Even as Hollywood condemns the NRA as a “terrorist organization,” TV gunplay has increased.
While Hollywood condemns the NRA lobbying government to uphold the second amendment, the Parents Television Council notes their hypocrisy. Apparently, gun violence portrayed on television shows has increased. All ages are being exposed to portrayals of gunplay.
If someone suggested that the government stop such portrayals, Hollywood would immediately scream that the First Amendment was being violated. So their hypocrisy is double because they don’t care at all about the Second Amendment.
The Washington Times reports, “Hollywood condemns NRA while dramatically increasing gun violence in entertainment.”
Hollywood declared war on American gun culture in 2013 with a public service announcement calling for stricter gun control in the wake of the Sandy Hook Elementary School shooting.
Now the industry is back on the attack in the wake of the Feb. 14 high school shooting in Parkland, Florida. Stars including Oprah Winfrey, George Clooney and the cast of ABC’s “Modern Family” support this month’s March for Our Lives rally for stricter gun legislation.
Yet a study by the Parents Television Council shows that portrayals of gun violence on television have increased dramatically in recent years, even in shows deemed appropriate for children.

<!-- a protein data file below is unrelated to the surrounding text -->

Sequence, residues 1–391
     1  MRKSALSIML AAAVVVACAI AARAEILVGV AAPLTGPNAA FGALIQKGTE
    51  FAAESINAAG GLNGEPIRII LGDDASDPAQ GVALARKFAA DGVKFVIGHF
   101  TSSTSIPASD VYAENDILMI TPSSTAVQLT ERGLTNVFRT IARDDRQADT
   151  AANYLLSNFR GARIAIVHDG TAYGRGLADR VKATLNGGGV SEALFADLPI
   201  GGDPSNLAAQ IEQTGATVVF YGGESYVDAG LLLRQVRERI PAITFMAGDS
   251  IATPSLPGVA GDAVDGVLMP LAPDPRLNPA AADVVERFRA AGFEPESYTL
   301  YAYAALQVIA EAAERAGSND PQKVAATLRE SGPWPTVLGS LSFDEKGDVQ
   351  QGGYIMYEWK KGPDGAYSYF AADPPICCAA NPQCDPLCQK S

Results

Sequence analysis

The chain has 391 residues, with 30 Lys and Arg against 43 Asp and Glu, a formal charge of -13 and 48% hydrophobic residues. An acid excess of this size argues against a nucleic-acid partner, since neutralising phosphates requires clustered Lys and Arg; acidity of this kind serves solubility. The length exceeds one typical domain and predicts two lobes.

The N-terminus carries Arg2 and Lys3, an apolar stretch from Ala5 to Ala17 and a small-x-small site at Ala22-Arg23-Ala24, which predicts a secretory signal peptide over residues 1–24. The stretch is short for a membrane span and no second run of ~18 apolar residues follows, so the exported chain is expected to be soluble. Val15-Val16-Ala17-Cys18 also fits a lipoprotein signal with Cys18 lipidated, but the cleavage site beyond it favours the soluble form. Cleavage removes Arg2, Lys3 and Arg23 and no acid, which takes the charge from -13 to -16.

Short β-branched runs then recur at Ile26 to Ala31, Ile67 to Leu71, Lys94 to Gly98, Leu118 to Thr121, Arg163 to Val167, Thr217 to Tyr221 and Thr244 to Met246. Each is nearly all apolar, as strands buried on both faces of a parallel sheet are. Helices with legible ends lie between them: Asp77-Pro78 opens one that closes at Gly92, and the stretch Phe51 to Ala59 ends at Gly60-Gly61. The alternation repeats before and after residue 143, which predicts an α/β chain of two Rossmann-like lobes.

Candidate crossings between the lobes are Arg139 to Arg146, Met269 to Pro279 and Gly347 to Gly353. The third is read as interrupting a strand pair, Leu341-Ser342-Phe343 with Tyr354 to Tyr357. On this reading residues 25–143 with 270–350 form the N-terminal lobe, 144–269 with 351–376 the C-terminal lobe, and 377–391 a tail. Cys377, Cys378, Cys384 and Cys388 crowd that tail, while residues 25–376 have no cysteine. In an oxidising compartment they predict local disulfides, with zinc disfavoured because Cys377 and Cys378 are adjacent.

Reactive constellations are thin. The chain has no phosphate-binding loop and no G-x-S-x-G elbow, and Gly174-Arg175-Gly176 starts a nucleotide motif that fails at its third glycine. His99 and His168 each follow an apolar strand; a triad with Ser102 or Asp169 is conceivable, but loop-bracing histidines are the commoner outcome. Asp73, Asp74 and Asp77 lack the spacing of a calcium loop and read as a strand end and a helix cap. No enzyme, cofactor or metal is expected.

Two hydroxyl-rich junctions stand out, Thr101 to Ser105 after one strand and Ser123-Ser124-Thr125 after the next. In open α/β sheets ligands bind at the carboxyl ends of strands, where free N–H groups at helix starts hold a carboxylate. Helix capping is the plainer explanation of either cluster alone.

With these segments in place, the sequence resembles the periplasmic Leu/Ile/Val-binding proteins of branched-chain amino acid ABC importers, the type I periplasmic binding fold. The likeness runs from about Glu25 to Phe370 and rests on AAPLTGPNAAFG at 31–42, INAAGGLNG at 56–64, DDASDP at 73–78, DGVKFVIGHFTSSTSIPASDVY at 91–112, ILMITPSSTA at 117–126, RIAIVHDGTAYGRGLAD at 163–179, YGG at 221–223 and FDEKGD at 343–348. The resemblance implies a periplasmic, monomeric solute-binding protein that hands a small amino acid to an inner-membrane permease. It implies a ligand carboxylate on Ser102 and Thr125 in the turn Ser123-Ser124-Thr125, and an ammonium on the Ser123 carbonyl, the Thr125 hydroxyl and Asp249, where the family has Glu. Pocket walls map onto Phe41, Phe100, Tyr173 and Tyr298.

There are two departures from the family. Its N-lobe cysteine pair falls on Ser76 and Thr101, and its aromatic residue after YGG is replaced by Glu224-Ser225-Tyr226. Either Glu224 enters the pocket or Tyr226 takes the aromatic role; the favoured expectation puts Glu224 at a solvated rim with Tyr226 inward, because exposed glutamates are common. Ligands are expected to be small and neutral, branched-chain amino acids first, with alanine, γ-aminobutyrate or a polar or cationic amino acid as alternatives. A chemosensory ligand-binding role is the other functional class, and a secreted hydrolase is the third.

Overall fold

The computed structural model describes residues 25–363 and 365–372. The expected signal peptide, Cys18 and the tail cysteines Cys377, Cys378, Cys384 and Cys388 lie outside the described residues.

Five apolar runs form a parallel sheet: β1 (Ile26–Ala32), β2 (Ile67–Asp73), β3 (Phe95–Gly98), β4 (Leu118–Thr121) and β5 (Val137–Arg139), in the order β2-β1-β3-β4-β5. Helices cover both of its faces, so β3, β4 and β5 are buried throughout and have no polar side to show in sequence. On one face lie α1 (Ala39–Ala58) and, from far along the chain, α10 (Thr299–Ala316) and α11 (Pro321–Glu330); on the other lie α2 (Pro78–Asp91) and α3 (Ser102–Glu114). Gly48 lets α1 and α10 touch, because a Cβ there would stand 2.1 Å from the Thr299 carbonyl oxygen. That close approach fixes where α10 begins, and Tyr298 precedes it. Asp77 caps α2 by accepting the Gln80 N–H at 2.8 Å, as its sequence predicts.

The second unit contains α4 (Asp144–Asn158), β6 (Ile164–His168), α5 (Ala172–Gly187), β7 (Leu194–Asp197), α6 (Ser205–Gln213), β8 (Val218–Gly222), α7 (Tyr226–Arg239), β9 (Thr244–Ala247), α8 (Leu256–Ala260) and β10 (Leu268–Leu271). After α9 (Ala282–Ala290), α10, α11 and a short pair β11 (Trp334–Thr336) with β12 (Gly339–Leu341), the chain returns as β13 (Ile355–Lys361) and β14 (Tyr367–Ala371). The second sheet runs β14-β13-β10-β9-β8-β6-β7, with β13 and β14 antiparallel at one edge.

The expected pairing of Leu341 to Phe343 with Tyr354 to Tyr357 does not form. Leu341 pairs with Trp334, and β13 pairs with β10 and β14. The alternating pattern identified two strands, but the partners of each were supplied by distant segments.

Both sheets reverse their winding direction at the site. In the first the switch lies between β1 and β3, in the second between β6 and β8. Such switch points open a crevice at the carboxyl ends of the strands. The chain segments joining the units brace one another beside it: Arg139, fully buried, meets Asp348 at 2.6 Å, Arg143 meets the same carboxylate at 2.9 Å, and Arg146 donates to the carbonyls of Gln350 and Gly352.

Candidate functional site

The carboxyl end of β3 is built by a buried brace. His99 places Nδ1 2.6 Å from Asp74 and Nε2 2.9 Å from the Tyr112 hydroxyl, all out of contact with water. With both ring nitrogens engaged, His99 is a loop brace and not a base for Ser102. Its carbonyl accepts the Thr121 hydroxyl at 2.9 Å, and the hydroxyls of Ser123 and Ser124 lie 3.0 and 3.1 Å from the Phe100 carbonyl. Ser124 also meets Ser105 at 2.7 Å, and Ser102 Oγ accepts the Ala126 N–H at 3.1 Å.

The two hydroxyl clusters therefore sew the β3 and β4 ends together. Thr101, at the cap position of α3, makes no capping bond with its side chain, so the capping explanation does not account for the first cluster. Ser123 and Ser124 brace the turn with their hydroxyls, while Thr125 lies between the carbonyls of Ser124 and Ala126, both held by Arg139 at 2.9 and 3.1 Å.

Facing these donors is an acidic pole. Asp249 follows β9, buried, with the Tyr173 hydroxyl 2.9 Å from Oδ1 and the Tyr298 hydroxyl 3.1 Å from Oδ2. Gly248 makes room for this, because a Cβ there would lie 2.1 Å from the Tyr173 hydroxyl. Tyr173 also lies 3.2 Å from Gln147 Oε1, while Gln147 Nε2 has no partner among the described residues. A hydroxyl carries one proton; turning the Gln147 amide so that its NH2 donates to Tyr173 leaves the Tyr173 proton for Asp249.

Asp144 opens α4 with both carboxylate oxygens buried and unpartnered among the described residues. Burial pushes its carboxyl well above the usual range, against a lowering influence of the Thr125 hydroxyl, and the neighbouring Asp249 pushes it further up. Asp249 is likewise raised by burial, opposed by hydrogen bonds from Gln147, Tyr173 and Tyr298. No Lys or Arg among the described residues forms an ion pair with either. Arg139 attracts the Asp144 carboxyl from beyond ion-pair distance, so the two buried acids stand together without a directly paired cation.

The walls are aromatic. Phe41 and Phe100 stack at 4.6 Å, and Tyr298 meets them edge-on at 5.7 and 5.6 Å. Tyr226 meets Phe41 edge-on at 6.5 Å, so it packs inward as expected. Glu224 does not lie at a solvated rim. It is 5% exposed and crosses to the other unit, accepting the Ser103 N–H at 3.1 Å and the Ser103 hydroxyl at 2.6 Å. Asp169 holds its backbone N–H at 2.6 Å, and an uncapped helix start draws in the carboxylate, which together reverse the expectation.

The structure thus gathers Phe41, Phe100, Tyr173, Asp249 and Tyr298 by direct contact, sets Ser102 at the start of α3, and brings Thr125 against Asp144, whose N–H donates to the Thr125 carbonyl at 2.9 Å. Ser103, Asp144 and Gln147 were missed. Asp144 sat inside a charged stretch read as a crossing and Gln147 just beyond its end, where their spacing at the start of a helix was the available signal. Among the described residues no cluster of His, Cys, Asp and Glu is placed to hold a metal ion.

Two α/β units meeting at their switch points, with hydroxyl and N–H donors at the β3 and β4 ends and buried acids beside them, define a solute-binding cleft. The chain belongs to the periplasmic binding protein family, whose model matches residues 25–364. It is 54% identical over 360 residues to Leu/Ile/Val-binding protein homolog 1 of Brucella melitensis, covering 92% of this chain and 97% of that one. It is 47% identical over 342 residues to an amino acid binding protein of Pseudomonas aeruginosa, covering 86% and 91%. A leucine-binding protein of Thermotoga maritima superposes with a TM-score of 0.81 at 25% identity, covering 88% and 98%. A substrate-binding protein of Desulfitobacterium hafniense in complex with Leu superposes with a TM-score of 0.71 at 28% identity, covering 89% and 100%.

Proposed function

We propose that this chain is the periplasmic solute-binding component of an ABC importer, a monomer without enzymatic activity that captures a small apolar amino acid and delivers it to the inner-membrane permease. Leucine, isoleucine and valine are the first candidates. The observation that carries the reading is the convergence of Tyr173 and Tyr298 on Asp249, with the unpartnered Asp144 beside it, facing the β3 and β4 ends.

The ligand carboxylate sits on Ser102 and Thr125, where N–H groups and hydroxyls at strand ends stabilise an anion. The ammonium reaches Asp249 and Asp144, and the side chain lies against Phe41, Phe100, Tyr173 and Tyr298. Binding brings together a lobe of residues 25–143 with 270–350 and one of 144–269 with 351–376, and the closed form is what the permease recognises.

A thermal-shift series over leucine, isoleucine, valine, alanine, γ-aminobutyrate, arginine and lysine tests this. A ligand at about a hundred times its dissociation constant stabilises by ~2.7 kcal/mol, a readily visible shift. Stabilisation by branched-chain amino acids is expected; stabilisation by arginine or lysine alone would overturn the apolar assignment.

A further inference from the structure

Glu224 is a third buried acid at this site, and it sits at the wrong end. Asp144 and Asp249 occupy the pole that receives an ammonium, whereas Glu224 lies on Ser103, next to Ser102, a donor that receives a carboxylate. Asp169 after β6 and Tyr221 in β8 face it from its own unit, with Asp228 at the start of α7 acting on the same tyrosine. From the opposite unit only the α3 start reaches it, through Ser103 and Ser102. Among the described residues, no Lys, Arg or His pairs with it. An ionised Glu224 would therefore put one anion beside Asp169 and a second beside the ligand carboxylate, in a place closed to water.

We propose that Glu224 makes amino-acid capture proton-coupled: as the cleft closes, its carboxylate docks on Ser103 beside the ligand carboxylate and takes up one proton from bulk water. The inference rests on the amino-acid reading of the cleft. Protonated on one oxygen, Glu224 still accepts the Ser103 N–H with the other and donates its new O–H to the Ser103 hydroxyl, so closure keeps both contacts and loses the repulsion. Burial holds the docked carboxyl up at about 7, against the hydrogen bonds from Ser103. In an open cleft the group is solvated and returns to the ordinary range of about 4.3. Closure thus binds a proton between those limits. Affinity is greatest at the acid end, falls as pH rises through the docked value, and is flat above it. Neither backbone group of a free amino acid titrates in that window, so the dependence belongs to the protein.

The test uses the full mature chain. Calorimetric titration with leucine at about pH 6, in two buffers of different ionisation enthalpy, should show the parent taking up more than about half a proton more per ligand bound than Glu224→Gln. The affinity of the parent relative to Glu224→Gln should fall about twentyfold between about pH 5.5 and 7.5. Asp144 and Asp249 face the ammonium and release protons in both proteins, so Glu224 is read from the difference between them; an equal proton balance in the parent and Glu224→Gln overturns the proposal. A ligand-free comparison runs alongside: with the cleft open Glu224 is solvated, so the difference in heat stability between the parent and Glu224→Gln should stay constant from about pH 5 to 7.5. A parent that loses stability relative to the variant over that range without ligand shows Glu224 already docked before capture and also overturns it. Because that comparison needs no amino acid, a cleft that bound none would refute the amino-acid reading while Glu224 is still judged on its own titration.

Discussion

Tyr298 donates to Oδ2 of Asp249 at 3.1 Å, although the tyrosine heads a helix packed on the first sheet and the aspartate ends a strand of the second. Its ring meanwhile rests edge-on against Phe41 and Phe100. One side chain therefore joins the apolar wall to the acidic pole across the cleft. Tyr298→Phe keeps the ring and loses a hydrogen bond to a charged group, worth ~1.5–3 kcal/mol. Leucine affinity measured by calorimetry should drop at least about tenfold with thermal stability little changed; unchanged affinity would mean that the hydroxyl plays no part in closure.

The entertainment industry’s love of gunplay and hatred for firearms muddles, if not negates, Hollywood’s role in a constructive conversation on the Second Amendment.
That 2013 public service announcements looks tame by current standards. Celebrities routinely dub the National Rifle Association a terrorist organization. Prominent actors such as Sally Field and Michael Keaton have blamed the NRA, Second Amendment advocates and Republicans for the 17 deaths at Marjory Stoneman Douglas High School last month.
Nonetheless, stars defend their gun-soaked content. Jennifer Lawrence deflected blame from her industry’s handiwork during the New York City premiere of her R-rated spy thriller “Red Sparrow.”
“I think the problem is guns, not the entertainment industry,” the Academy Award winner told the press.
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